Mozilla JavaScript DTrace Probes, visichron style

 dtrace javascript snippet

This visualization is the result of an adapted script (from my chronicle-recorder ‘chroniquery’ bindings) run against the output of a custom DTrace script (using the Mozilla JS providers) on OS X.  It’s a proof-of-possibility rather than anything immediately useful.

The differences from the last visichron post (using chronicle-recorder as a back-end) are:

  • Node hues are distinct based on the file the javascript was executed from.  (Saturation still varies with amount of time spent in the function.)
  • Graph layout is done using graphviz’s neato’s “ipsep” (experimental) mode.  This works fantastically well at reducing/eliminating overlap.  Having said that, a hierarchical layout may make more sense.
  • Ring colors are based on call depth (so redundantly encoded with the ring radius) rather than any knowledge about the control-flow.  Full control-flow information is not readily available and would be extremely expensive, but we could provide at least some degree of approximation using the calls made by the function as indicators.  Of course, the ring visualization at this point and for this purpose is probably better represented as non-nested (side-by-side rings of different radii; not containing each other) faux-continuous ring slices with transparency varying by amount of time spent in the function at that call-depth.  This would simplify the object model, allowing for non-insane use of the SVG backend and interactivity enhancements.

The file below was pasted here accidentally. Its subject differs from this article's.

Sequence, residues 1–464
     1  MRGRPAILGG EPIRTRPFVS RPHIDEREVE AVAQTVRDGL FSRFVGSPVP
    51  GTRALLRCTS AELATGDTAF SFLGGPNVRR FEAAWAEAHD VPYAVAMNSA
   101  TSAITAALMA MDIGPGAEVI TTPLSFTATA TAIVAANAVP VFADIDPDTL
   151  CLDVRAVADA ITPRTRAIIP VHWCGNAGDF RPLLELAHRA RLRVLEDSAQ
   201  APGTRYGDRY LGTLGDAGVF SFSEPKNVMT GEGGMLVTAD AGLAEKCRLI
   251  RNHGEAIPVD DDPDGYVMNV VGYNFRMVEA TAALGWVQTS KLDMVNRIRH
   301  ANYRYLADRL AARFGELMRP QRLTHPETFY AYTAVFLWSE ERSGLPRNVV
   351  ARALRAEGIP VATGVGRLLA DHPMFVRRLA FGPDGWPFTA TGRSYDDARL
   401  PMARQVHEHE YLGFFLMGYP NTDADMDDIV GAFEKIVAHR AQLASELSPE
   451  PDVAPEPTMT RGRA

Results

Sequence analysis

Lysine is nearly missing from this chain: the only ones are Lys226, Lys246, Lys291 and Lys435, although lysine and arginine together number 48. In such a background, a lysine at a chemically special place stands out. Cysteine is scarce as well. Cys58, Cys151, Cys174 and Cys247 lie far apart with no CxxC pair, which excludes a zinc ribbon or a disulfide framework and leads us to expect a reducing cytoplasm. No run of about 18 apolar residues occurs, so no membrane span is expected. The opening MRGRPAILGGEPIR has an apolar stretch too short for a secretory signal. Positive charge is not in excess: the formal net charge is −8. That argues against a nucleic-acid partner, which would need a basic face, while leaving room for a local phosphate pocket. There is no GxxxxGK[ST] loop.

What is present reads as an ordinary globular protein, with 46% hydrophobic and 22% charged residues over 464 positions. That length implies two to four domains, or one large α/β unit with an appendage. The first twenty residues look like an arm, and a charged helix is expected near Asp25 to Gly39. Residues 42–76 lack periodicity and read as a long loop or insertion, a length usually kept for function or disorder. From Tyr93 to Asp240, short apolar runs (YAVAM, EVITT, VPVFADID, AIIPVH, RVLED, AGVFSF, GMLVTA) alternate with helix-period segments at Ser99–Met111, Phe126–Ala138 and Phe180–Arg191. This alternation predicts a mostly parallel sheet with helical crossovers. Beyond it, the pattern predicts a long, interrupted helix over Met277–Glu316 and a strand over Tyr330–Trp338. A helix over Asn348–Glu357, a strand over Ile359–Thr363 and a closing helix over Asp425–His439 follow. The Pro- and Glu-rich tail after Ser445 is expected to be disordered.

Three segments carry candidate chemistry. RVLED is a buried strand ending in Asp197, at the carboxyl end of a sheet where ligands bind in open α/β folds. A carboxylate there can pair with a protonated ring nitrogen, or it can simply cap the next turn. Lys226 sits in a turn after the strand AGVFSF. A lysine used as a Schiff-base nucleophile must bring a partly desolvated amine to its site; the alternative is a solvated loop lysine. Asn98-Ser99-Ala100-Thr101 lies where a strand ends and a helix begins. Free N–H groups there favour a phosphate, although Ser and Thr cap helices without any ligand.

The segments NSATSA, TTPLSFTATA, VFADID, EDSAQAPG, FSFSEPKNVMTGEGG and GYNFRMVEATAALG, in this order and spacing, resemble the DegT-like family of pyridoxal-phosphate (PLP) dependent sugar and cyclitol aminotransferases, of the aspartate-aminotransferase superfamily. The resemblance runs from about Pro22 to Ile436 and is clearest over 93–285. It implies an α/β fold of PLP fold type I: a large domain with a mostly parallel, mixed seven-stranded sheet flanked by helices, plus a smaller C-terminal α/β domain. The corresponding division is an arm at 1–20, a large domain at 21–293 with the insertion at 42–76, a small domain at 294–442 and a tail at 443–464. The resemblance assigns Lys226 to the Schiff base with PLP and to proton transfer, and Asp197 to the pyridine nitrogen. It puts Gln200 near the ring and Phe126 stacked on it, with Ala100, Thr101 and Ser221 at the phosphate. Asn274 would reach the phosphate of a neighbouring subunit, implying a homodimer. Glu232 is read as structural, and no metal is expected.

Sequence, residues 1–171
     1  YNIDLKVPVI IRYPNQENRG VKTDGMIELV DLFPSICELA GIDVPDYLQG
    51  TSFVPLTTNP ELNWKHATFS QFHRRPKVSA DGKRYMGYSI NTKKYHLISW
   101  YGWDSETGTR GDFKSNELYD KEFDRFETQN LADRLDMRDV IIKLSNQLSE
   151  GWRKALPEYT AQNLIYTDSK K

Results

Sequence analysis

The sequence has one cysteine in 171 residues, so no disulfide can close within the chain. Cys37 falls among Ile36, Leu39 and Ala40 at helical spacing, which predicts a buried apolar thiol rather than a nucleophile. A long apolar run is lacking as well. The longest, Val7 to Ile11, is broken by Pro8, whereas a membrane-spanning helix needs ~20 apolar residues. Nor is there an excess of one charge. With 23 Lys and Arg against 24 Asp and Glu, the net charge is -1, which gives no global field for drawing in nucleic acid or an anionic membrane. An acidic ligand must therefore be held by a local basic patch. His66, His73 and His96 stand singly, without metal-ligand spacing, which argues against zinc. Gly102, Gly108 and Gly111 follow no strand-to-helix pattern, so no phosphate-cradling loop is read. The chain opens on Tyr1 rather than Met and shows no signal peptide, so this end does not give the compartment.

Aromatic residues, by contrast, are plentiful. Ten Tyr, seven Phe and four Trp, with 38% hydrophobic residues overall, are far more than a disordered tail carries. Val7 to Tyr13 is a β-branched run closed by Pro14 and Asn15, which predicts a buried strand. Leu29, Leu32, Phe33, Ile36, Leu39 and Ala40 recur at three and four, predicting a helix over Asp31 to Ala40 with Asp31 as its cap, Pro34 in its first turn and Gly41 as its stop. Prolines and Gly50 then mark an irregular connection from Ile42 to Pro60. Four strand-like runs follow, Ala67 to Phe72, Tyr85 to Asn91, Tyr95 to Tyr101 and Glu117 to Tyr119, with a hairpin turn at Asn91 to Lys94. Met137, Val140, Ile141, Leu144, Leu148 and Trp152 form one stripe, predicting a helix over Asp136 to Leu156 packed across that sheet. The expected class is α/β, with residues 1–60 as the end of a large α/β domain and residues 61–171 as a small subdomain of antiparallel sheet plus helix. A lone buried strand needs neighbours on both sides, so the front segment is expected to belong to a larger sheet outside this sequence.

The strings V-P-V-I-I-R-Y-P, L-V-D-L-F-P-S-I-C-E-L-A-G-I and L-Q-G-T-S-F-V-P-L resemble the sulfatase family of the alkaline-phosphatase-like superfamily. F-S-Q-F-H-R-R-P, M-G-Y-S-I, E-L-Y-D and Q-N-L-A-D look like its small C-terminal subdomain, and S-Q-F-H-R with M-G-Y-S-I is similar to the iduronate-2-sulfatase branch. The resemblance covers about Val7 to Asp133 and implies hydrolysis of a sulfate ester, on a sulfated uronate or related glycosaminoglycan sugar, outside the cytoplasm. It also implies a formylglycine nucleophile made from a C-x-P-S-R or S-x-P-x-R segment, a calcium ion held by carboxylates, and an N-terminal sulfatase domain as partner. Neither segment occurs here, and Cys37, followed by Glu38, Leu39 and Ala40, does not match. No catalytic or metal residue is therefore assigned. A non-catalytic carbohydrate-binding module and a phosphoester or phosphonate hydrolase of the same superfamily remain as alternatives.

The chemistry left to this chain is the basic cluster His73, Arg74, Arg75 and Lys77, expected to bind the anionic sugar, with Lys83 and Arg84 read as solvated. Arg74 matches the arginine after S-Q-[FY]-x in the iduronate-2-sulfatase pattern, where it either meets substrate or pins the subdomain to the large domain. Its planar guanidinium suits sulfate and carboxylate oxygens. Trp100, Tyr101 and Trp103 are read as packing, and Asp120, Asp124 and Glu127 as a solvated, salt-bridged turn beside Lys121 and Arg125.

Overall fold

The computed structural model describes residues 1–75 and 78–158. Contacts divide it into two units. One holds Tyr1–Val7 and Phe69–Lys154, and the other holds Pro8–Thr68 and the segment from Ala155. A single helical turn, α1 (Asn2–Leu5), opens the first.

scaled indexed

status/future fyi. no pictures.

I have accepted a position at Mozilla Messaging and will start at the end of March. Posting has been rare as of late and will be rare until then because my spare cycles are being given over to providing closure to my day-job projects, dealing with various hardware failures, and other small fires.

Hobby-wise, this will translate into a focus on visualizing e-mail from within Thunderbird. My nascent Python library, visophyte, will likely have a JavaScript sibling, but will not be abandoned.

Job-wise, I expect to focus on improving Thunderbird for both users and extension developers. Although my interest in creating a useful visualization extension will inform my efforts, it will not be my focus. Which is to say, do not worry that I will be engaging in flights of fancy and neglecting the core of Thunderbird. However, do be happy that good visualizations will depend on non-trivial data analysis and snappy, interactive behaviour and that this should translate into good things for Thunderbird, even if you don’t like shiny things.

It wasn’t an easy decision to leave my current employer (I have only great things to say about The PTR Group; check them out if you’re in the greater DC metro area), but Mozilla Messaging is an exceedingly rare opportunity that I could not pass up.